Remotely Accessing the Raspberry Pi: SSH, Dekstop & FTP

Introduction: Remotely Accessing the Raspberry Pi: SSH, Dekstop & FTP

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In this post, we are going to look at 3 different methods by which you can remotely access the Raspberry Pi to make it a bit easier to work with it. The first one is SSH, which will allow you to remotely access the terminal. The second one is a remote desktop connection, which will allow you to access the Raspberry Pi desktop for times when you need to interact with the UI. The 3rd one will allow you to directly access the files and folders so that you can easily obtain or transfer files between the Raspberry Pi and your computer.

The video above goes into further detail for each one of them and I recommend watching it first to get an understanding of the different methods.

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Step 1: Connect to Your Local Network

For all three methods to work, the Raspberry Pi has to be connected to the same network as the computer from which you want to remote access into it. There are several ways in which you can do this.

Wired Connection:

If you plan on using a wired connection then simply plug in the ethernet cable in the board and plug in the other end of the cable into your home router. The board should automatically connect to the network.

Wireless (with display/keyboard/mouse):

If you plan on using a wireless connection then you simply need to connect to the network by clicking the wireless network icon in the taskbar, entering the password and clicking OK. The board should automatically connect to the network. Please watch the video for an example of this.

Wireless (No display, headless mode):

You can also connect the board to the network by creating a wpa_supplicant.conf file in the boot directory of the microSD card. The Raspberry Pi operating system checks this file when it first boots up and if it is present, then it will use the network details contained within it to connect to the network. You can download the template file from the link below and update it with your country code, network name and password. It is recommended to use a text editor like Notepad++ or Sublime Text 3 to create the file. Once done, simply copy it over to the boot drive as soon as you finish flashing the image, but before you boot the board for the first time.

WPA template file: https://www.bitsnblobs.com/wp-content/media/fw/common/wpa_supplicant.conf

Use the following link for a list of country codes: https://en.wikipedia.org/wiki/ISO_3166-1_alpha-2

Once connected to the network, we need to obtain the board's IP address. You can do this in many ways, but one convenient method is using software like Angry IP Scanner. Please watch the video if you need to see it in action. The software simply scans your local network and lists all the active devices along with their IP addresses. The IP address for my board is 192.168.1.37 and if your board shows up then you can be sure that it has successfully connected to your network.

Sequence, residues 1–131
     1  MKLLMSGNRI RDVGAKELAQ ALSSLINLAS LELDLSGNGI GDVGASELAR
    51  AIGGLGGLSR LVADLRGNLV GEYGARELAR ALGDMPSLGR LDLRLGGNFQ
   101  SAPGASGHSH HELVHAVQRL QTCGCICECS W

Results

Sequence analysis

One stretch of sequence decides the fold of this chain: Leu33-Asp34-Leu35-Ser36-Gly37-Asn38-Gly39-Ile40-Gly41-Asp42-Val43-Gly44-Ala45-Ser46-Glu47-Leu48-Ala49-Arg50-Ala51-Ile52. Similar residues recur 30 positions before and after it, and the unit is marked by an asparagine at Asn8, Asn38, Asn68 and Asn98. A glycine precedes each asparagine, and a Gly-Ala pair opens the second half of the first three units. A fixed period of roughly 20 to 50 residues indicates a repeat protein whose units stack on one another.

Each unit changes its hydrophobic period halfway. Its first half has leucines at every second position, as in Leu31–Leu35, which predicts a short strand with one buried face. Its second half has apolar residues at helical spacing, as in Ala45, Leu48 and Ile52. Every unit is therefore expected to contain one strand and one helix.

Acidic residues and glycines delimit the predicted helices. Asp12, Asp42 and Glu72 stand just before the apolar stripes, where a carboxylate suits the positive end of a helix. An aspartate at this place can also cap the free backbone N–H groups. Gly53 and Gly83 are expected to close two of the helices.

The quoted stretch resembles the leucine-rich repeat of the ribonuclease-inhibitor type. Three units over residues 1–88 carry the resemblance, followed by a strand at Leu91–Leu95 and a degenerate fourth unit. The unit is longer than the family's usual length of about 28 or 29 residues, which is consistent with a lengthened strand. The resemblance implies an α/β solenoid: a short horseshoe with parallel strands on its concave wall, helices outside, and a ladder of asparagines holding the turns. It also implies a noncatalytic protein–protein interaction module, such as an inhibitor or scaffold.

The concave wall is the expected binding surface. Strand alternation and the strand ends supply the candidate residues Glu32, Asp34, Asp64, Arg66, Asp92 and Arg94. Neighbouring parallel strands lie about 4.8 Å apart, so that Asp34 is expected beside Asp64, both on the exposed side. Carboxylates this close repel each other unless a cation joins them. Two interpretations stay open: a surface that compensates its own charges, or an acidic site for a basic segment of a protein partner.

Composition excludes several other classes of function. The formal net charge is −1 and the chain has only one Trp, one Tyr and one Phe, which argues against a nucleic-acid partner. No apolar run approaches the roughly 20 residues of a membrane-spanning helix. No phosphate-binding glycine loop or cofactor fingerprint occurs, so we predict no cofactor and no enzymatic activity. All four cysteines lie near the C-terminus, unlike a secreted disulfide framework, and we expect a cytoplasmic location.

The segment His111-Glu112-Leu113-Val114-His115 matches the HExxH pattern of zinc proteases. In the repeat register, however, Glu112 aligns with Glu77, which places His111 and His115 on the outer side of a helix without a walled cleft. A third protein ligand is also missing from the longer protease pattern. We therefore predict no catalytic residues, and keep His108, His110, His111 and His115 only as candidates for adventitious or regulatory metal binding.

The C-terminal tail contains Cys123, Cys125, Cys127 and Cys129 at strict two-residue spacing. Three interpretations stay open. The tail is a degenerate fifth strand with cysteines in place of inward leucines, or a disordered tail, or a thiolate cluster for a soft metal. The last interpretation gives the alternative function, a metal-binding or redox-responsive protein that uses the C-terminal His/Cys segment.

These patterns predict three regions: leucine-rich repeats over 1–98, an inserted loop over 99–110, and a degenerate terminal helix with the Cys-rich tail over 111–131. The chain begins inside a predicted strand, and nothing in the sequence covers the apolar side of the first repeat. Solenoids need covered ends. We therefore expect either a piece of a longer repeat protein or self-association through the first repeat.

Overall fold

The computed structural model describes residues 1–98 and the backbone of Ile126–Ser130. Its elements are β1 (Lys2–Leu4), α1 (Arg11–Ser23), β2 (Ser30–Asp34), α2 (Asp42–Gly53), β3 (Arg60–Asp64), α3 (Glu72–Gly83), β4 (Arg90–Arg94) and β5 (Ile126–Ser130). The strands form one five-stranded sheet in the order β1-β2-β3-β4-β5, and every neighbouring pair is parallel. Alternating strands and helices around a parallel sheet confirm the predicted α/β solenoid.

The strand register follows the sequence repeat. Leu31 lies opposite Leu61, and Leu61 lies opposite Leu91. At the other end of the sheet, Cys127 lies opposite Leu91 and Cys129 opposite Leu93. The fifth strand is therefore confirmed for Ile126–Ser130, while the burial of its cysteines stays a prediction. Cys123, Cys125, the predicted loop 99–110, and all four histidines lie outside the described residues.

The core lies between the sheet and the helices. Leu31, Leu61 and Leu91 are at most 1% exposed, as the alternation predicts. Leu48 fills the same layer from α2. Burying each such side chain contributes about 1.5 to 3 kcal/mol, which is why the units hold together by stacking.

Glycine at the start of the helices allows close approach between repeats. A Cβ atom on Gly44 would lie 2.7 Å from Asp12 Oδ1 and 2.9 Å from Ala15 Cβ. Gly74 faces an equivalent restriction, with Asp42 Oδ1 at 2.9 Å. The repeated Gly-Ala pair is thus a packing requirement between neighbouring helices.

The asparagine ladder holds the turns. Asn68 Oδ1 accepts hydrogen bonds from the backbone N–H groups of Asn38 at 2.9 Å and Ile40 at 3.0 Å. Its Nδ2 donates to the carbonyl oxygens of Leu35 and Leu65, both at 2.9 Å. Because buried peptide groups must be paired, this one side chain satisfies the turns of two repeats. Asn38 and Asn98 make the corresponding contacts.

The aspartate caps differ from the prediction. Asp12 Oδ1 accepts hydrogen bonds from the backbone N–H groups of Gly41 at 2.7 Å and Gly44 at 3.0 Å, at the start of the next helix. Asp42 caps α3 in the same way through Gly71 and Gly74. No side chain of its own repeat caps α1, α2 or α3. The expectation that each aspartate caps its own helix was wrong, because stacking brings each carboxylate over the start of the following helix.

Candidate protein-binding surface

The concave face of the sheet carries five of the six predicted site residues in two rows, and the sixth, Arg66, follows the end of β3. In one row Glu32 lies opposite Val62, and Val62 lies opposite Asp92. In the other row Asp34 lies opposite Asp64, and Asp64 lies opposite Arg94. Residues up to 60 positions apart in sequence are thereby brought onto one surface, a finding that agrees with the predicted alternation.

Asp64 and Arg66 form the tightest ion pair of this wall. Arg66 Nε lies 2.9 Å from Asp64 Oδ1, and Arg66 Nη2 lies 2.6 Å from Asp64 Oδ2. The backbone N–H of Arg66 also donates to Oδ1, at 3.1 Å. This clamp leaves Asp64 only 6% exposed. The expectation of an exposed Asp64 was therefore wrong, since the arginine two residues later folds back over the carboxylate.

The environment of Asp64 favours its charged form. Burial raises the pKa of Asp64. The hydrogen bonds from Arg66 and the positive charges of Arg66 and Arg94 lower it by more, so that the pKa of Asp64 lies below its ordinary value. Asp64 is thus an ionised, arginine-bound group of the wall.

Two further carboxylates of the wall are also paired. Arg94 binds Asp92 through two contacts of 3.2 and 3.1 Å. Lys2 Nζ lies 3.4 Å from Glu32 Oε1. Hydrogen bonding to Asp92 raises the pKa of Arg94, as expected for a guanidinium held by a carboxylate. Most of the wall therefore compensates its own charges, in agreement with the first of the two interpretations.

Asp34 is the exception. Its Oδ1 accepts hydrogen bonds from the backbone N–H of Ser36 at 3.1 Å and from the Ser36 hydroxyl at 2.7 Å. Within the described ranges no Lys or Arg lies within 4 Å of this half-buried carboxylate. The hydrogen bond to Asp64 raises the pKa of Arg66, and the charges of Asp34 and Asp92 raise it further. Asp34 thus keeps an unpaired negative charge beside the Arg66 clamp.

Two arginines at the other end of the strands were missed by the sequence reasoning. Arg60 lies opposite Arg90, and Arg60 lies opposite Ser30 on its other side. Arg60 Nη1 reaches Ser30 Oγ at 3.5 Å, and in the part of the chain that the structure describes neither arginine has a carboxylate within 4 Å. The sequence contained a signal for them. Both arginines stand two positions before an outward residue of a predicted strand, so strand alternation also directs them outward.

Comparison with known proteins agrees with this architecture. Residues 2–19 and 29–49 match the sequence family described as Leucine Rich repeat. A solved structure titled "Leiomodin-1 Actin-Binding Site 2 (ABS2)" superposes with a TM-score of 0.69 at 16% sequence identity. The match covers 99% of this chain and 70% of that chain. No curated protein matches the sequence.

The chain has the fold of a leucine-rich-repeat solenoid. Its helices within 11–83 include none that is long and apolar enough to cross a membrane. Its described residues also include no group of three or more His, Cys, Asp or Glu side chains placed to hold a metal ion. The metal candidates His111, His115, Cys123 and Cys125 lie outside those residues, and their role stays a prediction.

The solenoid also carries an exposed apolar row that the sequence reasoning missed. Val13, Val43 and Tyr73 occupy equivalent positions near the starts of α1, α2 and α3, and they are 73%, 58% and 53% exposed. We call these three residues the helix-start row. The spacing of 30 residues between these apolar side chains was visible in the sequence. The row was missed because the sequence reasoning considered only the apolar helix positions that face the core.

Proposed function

Step 2: SSH Into Your Board

If you've used the Raspberry Pi before then you will have used the terminal window at some point. Using the terminal allows you to easily create scripts, update software and so on. By default, you can access and use the terminal by connecting a display and keyboard to the board, but this is not always convenient, particularly if you are using the Pi Zero - which does not have a full-sized USB port nor a full-sized HDMI port. SSH allows you to access the terminal without the need for a display or keyboard, which makes it very convenient. More importantly, you can also copy/paste commands and scripts from your main computer instead of typing everything. SSH stands for Secure SHell and it allows you to securely communicate to a device over an unsecured connection. There are two main ways by which you can enable SSH.

With Display/Keyboard/Mouse:

If you have a display, keyboard and mouse connected then you can simply open up the "Raspberry Pi Configuration" window from the "Preferences" menu and then switch to the "Interfaces" tab. You can then simply click the radio button next to SSH which says "Enabled" and then hit OK. You can watch the video to see this being done.

No Display, Headless Mode:

If you don't have access to a display then you can simply create an empty file with the name "ssh" and copy this to the boot drive. Do not add an extension to the file. It is recommended to use a text editor like Notepad++ or Sublime Text 3 to create the file. Copy this file soon after you flash the image but before you boot it for the first time. This will enable SSH for you.